FTX's founder, Sam Bankman-Fried, is set to testify as early as Thursday in his criminal trial,
making a direct appeal to jurors to contest allegations of fraud related to the collapse of his once-renowned cryptocurrency exchange.
Following FTX's bankruptcy, Bankman-Fried actively voiced his stance through interviews, tweets, and even a Substack newsletter, emphasizing his innocence. Contrary to his claims, insiders during the trial testified that he was deeply involved in the alleged fraud at FTX.
The defense aims to call a few witnesses in support of Bankman-Fried, notably financial services expert Joseph Pimbley from PF2 Securities. They also intend to introduce evidence highlighting inconsistencies in testimonies from executives Caroline Ellison, Nishad Singh, and Gary Wang, who had earlier testified against Bankman-Fried after admitting to their own crimes.
The prosecution, on the other hand, is expected to conclude its witness testimonies soon, with FBI agent Mark Troiano being their final witness.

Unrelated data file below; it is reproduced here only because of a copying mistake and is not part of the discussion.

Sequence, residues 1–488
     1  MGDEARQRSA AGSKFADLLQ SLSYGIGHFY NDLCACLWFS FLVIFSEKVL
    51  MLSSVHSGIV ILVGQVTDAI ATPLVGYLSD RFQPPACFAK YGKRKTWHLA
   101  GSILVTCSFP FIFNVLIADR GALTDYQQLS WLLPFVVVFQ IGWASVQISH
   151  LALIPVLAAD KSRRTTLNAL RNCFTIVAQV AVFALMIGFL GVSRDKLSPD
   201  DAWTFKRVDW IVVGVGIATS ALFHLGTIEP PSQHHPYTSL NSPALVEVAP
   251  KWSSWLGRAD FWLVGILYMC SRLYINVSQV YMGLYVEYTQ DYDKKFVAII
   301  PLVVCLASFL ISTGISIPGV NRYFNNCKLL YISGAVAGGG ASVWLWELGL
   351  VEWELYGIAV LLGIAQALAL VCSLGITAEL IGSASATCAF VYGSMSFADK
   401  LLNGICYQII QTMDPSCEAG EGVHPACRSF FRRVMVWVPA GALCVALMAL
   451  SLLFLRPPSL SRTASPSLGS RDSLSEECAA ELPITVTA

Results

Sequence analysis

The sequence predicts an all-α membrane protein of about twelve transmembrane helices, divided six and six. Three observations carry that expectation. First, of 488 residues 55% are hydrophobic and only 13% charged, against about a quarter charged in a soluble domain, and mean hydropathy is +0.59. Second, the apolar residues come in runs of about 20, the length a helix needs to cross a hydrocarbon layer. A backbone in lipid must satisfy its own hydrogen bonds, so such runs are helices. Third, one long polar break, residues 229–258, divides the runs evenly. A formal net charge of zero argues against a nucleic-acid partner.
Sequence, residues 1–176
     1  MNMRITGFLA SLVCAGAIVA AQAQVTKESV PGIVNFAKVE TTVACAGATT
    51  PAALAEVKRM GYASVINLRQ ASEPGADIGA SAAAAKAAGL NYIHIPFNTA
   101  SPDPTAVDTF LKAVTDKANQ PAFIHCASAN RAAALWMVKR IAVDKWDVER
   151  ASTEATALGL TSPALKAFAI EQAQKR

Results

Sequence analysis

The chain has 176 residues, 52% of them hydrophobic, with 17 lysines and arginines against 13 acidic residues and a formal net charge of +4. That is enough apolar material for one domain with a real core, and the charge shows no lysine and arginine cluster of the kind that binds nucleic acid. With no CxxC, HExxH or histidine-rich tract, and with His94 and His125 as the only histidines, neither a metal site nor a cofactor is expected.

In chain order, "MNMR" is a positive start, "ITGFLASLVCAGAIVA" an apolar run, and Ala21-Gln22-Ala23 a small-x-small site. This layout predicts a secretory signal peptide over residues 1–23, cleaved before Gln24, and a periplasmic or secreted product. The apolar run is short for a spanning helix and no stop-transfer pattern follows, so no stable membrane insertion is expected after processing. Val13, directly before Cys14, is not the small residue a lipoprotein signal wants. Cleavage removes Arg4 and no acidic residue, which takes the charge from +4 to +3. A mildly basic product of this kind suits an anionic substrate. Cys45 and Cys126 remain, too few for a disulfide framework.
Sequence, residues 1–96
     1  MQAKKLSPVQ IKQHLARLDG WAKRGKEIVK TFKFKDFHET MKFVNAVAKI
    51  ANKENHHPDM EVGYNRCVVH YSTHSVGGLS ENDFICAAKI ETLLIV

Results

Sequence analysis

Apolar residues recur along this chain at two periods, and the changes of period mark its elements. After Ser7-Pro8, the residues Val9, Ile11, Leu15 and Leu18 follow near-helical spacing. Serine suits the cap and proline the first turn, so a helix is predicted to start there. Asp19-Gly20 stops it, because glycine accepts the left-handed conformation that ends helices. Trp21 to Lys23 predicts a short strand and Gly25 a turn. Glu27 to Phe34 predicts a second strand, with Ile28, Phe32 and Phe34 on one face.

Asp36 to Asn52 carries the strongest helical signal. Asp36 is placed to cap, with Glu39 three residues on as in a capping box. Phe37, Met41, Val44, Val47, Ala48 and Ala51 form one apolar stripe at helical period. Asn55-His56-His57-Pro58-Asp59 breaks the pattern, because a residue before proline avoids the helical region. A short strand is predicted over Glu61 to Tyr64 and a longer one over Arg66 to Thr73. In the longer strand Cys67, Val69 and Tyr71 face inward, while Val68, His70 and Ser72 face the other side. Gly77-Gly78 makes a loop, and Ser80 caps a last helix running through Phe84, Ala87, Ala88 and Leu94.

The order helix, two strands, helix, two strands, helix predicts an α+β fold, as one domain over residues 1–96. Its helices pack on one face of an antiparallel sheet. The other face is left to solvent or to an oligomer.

Interestingly, a trend has emerged in high-profile white-collar crime cases, where defendants increasingly choose to testify, anticipating that jurors might research about them during the trial. An attorney monitoring the case highlighted how today's juries are influenced by the celebrity status of defendants, referencing examples like Elizabeth Holmes, suggesting that jurors often breach instructions and research defendants online.
The defense's main aim is to establish that Bankman-Fried is not guilty beyond a reasonable doubt, while the U.S. Department of Justice seeks to prove the opposite.
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